One of the most prominent effects of Alzheimer disease is the disruption of finely tuned neuronal circuitry of discrete brain regions associated with learning and memory. Results from the present study support a role for the intrinsic inhibitory component of neuronal circuitry in determining the magnitude of beta-amyloid peptide induced cell death in the highly vulnerable pyramidal neurons of the hippocampus. Previous efforts have mostly focused on direct effects on excitatory neurons. By contrast, less emphasis has been placed on addressing a role for the intrinsic inhibitory component of cell-cell interactions of neuronal networks in response to Abeta. The present study provides evidence demonstrating that blockage of the intrinsic inhibitory component between Abeta exposed neurons leads to destabilization of calcium homeostasis and exacerbated neuronal death compared to Abeta treated cultures. Neuronal electrical activity was first silenced by exposing cultures to tetrodotoxin (TTX; 100 nM) plus Abeta, followed by survival counts. Cell death, unexpectedly, did not significantly differ from Abeta-exposed neurons. The intrinsic inhibition in Abeta-exposed cultures was then pharmacologically removed with picrotoxin (40 microM) or bicuculline (25 microM) resulting in significantly greater death than Abeta-exposed neurons alone. From these observations, it is proposed that intrinsic functional inhibition in hippocampal circuits can reduce adverse effects of Abeta on the excitatory component. By considering not just the excitatory component of electrical activity, but the intrinsic balance between excitation and inhibition, new strategies for the treatment of Alzheimer disease may emerge.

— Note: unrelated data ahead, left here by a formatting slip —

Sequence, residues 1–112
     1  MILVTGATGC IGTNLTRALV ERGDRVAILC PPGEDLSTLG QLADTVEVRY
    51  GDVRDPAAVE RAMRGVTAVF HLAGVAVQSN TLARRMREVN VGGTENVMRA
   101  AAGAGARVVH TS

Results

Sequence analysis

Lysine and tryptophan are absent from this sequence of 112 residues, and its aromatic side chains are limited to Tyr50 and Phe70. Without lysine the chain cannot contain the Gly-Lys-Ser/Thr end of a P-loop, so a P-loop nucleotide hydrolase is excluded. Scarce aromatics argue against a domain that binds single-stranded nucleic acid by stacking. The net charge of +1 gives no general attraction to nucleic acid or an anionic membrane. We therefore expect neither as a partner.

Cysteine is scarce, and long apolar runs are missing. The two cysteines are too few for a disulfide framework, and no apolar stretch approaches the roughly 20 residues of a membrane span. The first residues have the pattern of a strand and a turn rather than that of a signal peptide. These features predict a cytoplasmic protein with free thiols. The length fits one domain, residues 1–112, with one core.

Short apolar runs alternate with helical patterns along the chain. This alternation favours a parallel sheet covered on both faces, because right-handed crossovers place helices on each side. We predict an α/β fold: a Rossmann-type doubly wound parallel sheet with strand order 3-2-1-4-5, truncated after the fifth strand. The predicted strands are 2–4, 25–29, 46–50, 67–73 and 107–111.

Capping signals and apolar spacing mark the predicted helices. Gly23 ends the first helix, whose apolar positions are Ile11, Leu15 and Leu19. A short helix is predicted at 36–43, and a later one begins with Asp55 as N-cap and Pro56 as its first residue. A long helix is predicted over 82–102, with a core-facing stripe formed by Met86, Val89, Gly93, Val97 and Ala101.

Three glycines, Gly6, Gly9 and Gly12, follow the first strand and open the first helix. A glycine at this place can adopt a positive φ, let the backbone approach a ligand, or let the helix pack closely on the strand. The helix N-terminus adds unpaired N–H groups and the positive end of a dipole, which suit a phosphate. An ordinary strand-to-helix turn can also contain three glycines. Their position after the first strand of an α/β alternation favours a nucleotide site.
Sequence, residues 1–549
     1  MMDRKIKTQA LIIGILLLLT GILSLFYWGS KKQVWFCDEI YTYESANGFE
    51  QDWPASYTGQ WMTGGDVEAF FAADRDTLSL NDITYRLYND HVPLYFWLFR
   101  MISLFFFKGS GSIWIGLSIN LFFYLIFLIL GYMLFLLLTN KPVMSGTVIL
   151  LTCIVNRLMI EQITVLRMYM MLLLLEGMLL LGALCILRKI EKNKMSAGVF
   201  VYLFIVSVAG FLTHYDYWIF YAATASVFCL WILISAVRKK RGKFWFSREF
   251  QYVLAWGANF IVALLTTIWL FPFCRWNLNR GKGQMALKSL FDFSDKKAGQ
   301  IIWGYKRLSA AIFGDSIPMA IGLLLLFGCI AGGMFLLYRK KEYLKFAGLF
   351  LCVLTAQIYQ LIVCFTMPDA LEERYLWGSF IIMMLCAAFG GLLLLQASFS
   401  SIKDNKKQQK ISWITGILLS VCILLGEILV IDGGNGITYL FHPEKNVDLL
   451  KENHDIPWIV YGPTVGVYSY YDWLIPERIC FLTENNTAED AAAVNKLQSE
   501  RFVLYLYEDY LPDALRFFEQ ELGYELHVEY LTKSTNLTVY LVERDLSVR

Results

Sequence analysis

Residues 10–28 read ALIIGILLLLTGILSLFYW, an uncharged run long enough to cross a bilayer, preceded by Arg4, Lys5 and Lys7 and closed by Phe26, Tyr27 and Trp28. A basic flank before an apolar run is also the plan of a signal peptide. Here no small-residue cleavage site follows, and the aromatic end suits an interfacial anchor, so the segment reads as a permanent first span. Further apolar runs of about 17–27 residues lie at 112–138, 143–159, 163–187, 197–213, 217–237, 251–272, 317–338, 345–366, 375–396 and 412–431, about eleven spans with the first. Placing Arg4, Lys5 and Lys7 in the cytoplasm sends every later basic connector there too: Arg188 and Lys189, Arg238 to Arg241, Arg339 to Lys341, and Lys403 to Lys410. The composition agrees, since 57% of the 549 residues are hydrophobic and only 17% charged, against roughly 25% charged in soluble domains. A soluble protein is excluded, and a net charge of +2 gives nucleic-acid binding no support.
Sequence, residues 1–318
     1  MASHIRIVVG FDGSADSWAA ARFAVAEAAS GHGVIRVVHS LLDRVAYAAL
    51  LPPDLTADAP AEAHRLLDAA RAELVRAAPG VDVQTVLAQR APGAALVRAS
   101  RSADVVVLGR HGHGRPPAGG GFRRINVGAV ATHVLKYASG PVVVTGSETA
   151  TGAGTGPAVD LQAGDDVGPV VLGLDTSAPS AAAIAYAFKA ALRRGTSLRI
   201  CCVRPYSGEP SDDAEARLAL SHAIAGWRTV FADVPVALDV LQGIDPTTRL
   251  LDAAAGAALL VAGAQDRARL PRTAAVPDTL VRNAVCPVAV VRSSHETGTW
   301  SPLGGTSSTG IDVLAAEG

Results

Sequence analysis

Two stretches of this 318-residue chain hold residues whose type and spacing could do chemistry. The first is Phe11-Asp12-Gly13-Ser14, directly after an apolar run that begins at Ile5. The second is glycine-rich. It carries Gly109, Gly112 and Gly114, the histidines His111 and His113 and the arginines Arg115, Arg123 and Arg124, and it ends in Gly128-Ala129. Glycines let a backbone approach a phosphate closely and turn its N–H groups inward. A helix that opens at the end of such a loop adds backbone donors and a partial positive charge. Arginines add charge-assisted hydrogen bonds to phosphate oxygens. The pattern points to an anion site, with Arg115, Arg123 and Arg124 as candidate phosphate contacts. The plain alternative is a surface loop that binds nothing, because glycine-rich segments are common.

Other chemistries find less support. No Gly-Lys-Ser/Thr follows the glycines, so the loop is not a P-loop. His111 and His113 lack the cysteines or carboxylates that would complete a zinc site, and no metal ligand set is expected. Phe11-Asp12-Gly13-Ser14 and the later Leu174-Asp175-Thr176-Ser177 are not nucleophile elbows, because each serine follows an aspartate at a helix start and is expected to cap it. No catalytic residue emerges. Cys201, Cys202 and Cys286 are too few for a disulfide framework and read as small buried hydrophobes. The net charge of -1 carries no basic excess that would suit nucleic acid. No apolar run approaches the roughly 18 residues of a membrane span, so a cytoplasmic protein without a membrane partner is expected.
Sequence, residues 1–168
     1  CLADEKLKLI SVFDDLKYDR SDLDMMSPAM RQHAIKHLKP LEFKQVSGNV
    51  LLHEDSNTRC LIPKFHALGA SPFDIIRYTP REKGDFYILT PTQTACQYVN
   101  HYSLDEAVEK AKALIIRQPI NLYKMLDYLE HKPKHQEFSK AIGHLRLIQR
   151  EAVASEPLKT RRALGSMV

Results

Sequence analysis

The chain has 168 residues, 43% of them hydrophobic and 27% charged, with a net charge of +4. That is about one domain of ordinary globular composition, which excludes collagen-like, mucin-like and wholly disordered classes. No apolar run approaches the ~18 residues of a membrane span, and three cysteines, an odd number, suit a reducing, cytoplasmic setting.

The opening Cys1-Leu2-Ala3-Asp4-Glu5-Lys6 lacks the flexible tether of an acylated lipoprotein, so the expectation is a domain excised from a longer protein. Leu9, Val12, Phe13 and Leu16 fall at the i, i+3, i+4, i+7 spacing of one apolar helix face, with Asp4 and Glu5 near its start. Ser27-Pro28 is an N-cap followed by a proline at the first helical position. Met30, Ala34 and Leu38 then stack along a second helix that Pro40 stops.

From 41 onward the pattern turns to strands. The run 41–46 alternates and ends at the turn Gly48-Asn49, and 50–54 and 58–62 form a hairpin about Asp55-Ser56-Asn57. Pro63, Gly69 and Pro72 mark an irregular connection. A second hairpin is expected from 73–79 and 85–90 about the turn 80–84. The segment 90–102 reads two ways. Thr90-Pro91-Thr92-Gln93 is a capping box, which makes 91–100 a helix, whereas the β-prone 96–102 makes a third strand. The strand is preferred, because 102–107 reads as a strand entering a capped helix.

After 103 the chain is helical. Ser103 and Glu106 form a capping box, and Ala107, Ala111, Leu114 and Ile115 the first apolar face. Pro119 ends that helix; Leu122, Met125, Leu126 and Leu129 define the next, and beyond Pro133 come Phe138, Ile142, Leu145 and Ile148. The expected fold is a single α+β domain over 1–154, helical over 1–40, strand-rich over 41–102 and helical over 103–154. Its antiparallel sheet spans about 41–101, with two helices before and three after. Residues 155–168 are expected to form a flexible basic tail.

Copyright 1998 Elsevier Science B.V.